Great (Super Tuesday) Expectations
Have I mentioned how much I love elections? I really, really love elections. I like being asked my opinion on something and getting to share it. I like evaluating choices and considering the best one based on my criteria. For all of these reasons, I never turn down an invitation to do a survey (bonus if they reward you with a coupon or food item upon completion) and I love voting.
When you get excited about the Super Tuesday primaries
...and then you realize your state still has two months before their primary elections.
(I know Drake feels me on this.)
Though the primaries in Indiana are not for another two months (tear), this Tuesday are the Super Tuesday primaries and will undoubetedly determine who will be left on the ballot for Hoosier voters by the time our elections come around. Really, the primaries on March 1st aren't all that "super" in themselves so much as they are as a collective, because by the time the dust settles, the ballots are counted, and the votes are tallied at the end of Tuesday evening/beginning of Wednesday morning, we will have a much better sense of whose candidacies still have a shot at the presidency and whose are likely over.
For Republicans, Trump should do very well. He has been leading pretty handily in all of the polls (not a perfect predictor of course, but the 20% lead he has over his competition far outweights the margin of error). Plus, he has the benefit of having won NH and SC, the former after a close but surprising loss to Cruz, which gives him momentum. People like to support a "winner" and, as he would happily tell you, he is definitiely winning. I always refer to this as the NY Yankees effect because the Yankees seem to have a grossly disproportionate number of fans who could not name one player currently on the roster nor have even ever attended a game, and yet they love walking around wearing that little navy blue ballcap with the pride that they support a winning team. [Obligatory sidebar: As a Cincinnati Reds fan, wearing my ballcap brings a bitter mix of emotions whereas one thinks "oh yes, this will be our year!" only to constantly be disappointed with the season by the end of June.]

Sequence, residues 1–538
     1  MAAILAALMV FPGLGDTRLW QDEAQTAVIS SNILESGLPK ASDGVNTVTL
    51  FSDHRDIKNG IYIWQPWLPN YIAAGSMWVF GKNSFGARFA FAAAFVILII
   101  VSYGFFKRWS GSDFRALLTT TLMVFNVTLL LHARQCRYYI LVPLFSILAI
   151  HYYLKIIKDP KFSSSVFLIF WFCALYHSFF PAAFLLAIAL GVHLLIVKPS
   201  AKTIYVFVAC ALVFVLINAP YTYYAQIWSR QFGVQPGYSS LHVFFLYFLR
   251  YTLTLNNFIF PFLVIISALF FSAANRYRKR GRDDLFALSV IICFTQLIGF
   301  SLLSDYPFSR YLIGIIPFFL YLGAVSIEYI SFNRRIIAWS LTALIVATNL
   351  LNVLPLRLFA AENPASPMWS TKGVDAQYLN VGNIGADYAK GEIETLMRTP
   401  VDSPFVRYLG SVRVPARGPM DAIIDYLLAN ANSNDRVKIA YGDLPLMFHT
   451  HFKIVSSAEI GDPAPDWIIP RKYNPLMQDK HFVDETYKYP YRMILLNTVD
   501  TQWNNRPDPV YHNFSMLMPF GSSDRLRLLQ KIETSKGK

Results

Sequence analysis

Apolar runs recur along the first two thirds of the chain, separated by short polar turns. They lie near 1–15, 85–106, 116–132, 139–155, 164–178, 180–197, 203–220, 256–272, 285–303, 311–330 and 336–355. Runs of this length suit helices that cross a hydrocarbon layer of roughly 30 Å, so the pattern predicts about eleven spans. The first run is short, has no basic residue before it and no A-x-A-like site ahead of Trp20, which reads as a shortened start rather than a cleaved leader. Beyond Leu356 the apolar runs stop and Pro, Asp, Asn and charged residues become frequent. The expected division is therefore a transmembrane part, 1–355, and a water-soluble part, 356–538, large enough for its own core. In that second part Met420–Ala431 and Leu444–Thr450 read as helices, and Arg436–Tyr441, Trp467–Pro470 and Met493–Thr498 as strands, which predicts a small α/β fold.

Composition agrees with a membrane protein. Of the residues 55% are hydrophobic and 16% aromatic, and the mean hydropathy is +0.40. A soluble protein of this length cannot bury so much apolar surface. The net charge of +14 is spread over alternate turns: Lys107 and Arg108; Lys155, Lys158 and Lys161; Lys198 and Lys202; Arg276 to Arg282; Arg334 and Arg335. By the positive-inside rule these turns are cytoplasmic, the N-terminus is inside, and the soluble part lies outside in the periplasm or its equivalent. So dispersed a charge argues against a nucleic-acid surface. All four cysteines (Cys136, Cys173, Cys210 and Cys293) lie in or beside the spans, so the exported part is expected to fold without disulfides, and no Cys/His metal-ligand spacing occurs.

Cruz needs to win Texas--it is his home state afterall--but he will not get as many "style" points if he captures the 155-delegate-awarding giant. You are expected to carry your home state, and so doing so just plays in line with the fact that your own community should love you. Failing to capture Texas, however, would be a huge blow for him. He hasn't won since IA (and that was far from a landslide--finishing just a few percentage points ahead of Trump) and he and Rubio have combined still half of the delegates that Trump has. (If you were wondering about the official count, Trump - 82, Cruz - 17, Rubio - 16, Kasich - 6, and Carson - 4). Rubio also needs to win, though he is going to have to try to muster support among the other Super Tuesday states that are not Texas (maybe Alabama, Tennessee, Georgia...). Rubio fares well in polls, staying close in alternating 2nd-3rd places to Cruz, but he has yet to win a single primary. If he can't claim enough on Tuesday, it could be the beginning of the end for his campaign.
For Democrats, it looks like it will be all Clinton, all the time. The polls show her leading by whooping 20-30% margins over Sanders and the Southern states will be far less empathetic to the Vermont Senator's more liberal ideological bent. Having lived in the South, I can attest that the Southern Democrats are not the same as their national bretheren and their generally more conservative values (by Democratic party standards) will benefit Clinton. In addition, she is somewhat a Southerner herself, as she and Bill originated their political careers in Arkansas where he was governor when he ran for the presidency. This, plus the fact that she has been more popular with the minority voter demographic, make it look all but tied-up in favor of her campaign.
For the Sanders/Kasich/Carson campaigns, they need a miracle on Tuesday. Sanders may hold on until the convention just out of principle, Kasich might wait until the Midwest primaries to see if he can pick up steem, Carson-- I don' t know, I just really don't know what his campaign strategy is or could even possibly be at this point. Regardless, each one needs nothing short of a wild card to still remain in the race for the presidency. This is American politics, so anything can happen...Question is: will it?